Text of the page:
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Question Number: 33110

Law 11 - Offside 3/3/2019

RE: Competitive Under 19

David Bermingham of Herndon, VA United States asks...

US MLS game Rockies vs Portland (
Defender goes down in the box. Shot deflects off his outstretched arm to team mates who are positioned offside when the shot was taken, who put it into the back of the net. Referee goes to VAR, awards PK gives the defender a red for DOGSO.
Question: If the oft-cited Esse training video instructs referees to see the outstretched arm as deliberate hence the handling offense, why does that deliberate play not reset offside and enable advantage? Then the outcome would be point scored and yellow to the defender? Seems that would be preferable and more in keeping with the Law. What am I missing?

Answer provided by Referee Joe McHugh

Hi David
You are not missing anything and the referee got this wrong. While it is an attempt at a save it is done illegally and the Laws do not consider illegal handling by an outfield player as a save but rather a deliberate play. The Laws tell us that a deliberate play by an opponent is a reset. If Sojberg headed the ball to the PIOP the goal would have stood.
So the correct decision was to see the DHB as a deliberate play which is a reset of offside and award the goal. The player can still be cautioned for the deliberate handling.
Now there has been a debate about the merits of a penalty kick and a dismissal as more beneficial than awarding a goal and a caution. That is made on the assumption that the penalty kick results in a goal.
Now let us say it was a World Cup type Suarez incident with the exception that a goal was scored from the original play. Disallowing a goal can be the least beneficial decision for a team as Ghana can testify to. Imagine had the ball from the DHB fallen to an attacker in an offside position who scored and it was disallowed?
So somewhat disappointing that a FIFA official, an AR and a VAR official with time to consider got this wrong. I suspect the CR as he gave the goal without stopping play saw the lead AR stick up his flag for offside . Yes the scorer was in an offside position yet the DHB was a reset so the correct decision was to award the goal and a caution. He was correct on the second caution which resulted in a red card. The goal though should have stood.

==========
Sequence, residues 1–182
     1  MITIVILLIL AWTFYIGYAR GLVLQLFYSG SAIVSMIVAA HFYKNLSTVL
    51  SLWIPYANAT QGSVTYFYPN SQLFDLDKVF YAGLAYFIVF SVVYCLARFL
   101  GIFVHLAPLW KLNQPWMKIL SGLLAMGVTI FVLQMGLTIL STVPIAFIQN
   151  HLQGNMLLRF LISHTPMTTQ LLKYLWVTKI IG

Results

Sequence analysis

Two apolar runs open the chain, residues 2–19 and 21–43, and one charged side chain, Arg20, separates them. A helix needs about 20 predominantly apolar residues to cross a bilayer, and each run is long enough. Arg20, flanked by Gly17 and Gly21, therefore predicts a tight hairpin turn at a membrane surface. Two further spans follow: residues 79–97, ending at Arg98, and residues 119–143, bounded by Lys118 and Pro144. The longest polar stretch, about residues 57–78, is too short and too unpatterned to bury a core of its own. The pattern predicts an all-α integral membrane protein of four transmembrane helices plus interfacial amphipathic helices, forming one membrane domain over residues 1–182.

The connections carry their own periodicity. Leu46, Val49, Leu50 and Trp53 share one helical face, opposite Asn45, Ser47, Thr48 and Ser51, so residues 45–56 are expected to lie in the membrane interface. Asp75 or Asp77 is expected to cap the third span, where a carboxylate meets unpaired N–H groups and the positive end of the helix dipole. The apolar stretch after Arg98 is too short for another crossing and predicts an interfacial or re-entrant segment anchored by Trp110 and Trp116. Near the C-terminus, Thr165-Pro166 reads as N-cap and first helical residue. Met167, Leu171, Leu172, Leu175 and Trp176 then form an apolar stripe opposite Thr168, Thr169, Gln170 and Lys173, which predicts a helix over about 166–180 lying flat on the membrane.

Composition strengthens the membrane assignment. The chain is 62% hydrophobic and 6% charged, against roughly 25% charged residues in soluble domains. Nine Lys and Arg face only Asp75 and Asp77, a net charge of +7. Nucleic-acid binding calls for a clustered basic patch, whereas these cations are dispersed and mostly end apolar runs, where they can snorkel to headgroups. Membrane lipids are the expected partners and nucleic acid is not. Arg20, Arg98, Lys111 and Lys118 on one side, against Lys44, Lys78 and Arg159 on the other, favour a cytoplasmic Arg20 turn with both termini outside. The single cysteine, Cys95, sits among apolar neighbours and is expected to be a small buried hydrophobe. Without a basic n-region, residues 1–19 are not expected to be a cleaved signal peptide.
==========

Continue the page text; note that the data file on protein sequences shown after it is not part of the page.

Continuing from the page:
Also the CR could have gone with a deflection / rebound if he decided it was not deliberate handling. It then had to be called offside for gaining an advantage by being in that position.

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Answer provided by Referee Peter Grove

Hi Dave,
I think I would agree that if the referee sees this as deliberate handling then he can judge it to be a deliberate play, apply the concept of advantage and allow the goal. I'm not sure that the Laws are crystal clear on this - it is not a scenario that is specifically addressed in the Laws document but logically it seems to make sense.

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Answer provided by Referee Richard Dawson

HI David,
little to add but this is why advantage is such a good thing for the game. Here we SHOULD have a goal and the player need not be sent off assuming the opinion was it was deliberate handling but it resulted in a goal.. If it was NOT deemed deliberate then offside would apply but the defending player would NOT be sent off as it was accidental. The adage of a referee should interfere as little a possible is the correct one! The LOTG are designed to correct basic unfairness not establish rigid guidelines that do not require adjusting. It is feasible that if the defender was already on a caution prior to the DH a 2nd yellow card thus makes a red card for the 2 cautions.

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